Business Plan Basics For Artists and Creative Entrepreneurs – Your Product List

An important part of developing your business and marketing plans is to develop a list of the products or product lines that you sell. The idea is to segment your various products so that you can match them with your customer groups and competitors. Once you have matched your product segments with your customer groups you are now ready to develop custom strategies for each product/customer pairing. You match you product segments with your competitors – what are they doing well, poorly, and how I can I take advantage of their weaknesses to grow my business. This is an important activity – don’t take it lightly!

My Artrepreneurship students at the Center For Innovation (MSCD) are required to prepare their Product List as one of the first steps in developing their business plans. It seems easy, but trust me it will require some thinking and examination into what products you make, what they are used for and who the end user is. The process usually goes something like this:

Neil: Ok Suzy, what products do you sell?

Suzy: Jewelry.

Neil: Any particular kind of jewelry?

Suzy: Rings and necklaces.

Neil: What kind of rings?

Suzy: I like to make wedding and engagement rings, they seem very popular. And I also make less expensive rings for daily and special occasion wear.

Neil: Who buys your rings, men or women?

Suzy: Well mostly women but I have made and sold men’s rings. I think I could do more, maybe create and sell both rings as a set.

Neil: So are your customers young or old? Are they just starting out in life or are they people who are getting married later in life?

Suzy: Well my wedding rings are custom designed and made with precious jewels. They aren’t the most expensive rings but they also aren’t cheap.

Neil: So your customers need to have a good amount of disposable income to afford your rings?

Suzy: Yes, I don’t compete with stores and other jewelry designers who sell inexpensive rings.

Neil: Tell me about the rings that your customers buy for everyday wear and for special occasions.

Suzy: …………

Ok, you should get the picture. Develop your list of the products and services that you sell and segment them by their intended use, customers who buy them and the function they provide. If you do this exercise right, you should be well on your way to answering the what, who, why and where of your product or service offerings.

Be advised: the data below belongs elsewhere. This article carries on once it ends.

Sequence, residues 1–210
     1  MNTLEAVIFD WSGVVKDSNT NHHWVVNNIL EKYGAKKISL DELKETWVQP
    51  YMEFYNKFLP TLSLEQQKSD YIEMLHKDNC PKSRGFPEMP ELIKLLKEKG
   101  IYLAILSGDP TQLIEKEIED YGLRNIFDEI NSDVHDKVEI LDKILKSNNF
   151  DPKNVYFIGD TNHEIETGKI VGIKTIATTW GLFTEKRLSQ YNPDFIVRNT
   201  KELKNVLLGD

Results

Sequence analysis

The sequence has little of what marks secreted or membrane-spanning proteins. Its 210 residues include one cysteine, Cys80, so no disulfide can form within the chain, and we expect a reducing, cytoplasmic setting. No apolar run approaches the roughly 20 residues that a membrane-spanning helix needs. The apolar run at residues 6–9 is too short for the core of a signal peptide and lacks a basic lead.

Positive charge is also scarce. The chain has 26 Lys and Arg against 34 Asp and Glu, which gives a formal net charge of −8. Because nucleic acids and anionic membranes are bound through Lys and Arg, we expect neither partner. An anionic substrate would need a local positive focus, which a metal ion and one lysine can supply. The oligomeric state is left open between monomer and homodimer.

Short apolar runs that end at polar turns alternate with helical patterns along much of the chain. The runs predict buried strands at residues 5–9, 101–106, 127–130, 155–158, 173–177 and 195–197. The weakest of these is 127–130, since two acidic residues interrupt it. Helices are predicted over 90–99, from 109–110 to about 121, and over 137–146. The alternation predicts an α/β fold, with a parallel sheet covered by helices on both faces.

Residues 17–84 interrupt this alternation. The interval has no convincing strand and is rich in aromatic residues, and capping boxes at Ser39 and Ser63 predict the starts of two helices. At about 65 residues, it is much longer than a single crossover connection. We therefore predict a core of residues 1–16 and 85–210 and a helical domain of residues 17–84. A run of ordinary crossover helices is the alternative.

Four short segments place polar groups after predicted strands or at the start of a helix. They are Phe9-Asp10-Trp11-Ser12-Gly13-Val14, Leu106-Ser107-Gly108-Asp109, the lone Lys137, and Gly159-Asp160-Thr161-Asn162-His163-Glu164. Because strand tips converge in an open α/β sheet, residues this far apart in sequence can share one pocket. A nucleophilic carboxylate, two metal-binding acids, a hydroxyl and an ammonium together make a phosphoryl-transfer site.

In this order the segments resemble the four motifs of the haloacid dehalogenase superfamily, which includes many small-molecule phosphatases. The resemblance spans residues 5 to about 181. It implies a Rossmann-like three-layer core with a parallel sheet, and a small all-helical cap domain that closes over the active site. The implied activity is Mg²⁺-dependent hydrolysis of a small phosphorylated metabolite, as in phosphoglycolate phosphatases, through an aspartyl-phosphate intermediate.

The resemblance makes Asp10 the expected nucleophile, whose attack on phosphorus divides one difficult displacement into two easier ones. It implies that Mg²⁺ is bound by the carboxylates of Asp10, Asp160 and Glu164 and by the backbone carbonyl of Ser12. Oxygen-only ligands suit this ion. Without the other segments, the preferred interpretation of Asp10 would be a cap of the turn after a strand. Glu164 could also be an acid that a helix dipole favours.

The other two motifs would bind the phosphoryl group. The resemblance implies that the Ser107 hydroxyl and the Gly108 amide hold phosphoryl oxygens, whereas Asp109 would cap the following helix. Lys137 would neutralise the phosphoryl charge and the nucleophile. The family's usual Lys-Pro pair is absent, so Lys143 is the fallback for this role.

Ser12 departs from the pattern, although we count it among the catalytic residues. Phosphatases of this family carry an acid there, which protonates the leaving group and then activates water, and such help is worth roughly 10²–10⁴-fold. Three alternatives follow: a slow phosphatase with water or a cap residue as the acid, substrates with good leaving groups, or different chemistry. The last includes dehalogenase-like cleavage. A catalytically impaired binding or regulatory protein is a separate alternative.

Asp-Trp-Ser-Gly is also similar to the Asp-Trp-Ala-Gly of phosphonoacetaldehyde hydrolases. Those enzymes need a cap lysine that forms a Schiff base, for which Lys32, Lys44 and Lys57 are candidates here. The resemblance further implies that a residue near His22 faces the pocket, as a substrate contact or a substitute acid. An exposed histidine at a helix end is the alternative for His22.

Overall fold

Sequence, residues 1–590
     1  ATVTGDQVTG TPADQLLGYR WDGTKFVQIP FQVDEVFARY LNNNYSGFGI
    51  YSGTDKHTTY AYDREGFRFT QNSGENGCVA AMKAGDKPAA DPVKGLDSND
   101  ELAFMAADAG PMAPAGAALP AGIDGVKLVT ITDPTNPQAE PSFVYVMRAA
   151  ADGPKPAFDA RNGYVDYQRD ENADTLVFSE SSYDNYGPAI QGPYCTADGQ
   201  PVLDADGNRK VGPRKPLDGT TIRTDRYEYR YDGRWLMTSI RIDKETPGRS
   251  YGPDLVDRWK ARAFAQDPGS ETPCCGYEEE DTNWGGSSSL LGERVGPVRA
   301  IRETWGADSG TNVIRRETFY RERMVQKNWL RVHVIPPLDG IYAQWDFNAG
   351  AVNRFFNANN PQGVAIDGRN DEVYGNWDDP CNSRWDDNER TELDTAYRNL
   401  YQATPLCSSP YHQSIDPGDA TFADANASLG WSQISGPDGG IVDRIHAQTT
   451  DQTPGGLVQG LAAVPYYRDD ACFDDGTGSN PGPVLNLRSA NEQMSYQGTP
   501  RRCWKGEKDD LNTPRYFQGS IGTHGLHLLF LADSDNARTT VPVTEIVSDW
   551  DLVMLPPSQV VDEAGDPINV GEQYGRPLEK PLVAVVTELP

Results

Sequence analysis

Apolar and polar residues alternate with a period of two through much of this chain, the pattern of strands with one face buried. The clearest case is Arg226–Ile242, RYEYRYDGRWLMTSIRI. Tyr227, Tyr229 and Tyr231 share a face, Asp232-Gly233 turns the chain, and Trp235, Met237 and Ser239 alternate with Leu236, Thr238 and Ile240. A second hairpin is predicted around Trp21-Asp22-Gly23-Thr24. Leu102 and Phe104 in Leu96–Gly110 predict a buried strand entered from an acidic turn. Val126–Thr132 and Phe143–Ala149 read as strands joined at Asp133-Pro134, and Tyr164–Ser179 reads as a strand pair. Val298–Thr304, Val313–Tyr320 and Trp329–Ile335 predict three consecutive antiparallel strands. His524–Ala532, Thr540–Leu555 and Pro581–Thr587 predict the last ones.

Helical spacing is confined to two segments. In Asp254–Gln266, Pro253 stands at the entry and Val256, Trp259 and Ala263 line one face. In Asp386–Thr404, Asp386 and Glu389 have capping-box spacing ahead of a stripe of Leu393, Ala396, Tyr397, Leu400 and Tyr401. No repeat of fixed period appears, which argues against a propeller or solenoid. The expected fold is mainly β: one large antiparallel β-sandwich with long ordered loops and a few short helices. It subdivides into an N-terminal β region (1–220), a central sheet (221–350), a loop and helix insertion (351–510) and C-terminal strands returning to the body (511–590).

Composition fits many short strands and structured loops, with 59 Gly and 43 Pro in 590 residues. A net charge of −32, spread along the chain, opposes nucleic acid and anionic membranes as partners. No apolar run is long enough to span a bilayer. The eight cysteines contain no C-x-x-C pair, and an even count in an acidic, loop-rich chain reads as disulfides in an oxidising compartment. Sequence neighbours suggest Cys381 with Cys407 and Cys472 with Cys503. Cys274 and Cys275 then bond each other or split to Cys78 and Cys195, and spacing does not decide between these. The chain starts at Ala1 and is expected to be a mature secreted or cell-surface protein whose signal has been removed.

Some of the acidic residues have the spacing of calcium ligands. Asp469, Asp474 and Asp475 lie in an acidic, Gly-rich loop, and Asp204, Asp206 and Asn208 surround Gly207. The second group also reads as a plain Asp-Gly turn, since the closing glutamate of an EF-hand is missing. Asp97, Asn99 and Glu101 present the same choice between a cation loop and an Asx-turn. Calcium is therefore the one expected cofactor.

Here are some examples for artistic or creative endeavors:

Visual Artist

  • Art for commercial advertising uses
  • Art for collectors, galleries, public spaces, gifts or fairs
  • Art for offices or homes
  • Original works or prints
  • Art by type/style – abstract, landscapes, still life, etc.
  • Art by size, price, and materials used.
  • Whether the overall , regional or local market for the product segment is growing, stable or declining.
  • Whether my sales for this product segment are growing, stable or declining.

Sculptor

  • Sculpture for collectors, galleries, public spaces or fairs
  • Sculpture for office, home or outdoor.
  • Sculpture for collectors, galleries, gifts, public spaces or fairs
  • Sculpture by type/style or function
  • Sculpture by size, price, and materials used.
  • Whether the overall , regional or local market for the product segment is growing, stable or declining.
  • Whether my sales for this product segment are growing, stable or declining.

Ok you should now get the idea. Start putting together your product/product segment listing. You are going to need it to develop your business and marketing plan – go for it! If you have any questions or examples of your own please send me a note or post them in the comments.

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About Neil McKenzie

Neil McKenzie is an author, educator and consultant to artists and arts organizations. He is the author of The Artist’s Business and Marketing ToolBox – How to Start, Run and Market a Successful Arts or Creative Business available in softcover from Barnes & Noble and Amazon and as an eBook from iTunes, Amazon and Barnes & Noble. He has developed and teaches the course “Artrepreneurship” at the Center for Innovation at Metropolitan State University of Denver, and is also a visiting professor at University College at the University of Denver. Neil has over 30 years’ experience as a management consultant and marketing executive, working with some of the world’s top brands. Neil is a frequent lecturer to artists and arts organizations, a guest columnist for Colorado Biz Magazine, where he covers the creative sector of the economy, and the author of several articles for Americans for the Arts, a national arts organization. Follow Neil on Twitter: @neilmckenzphoto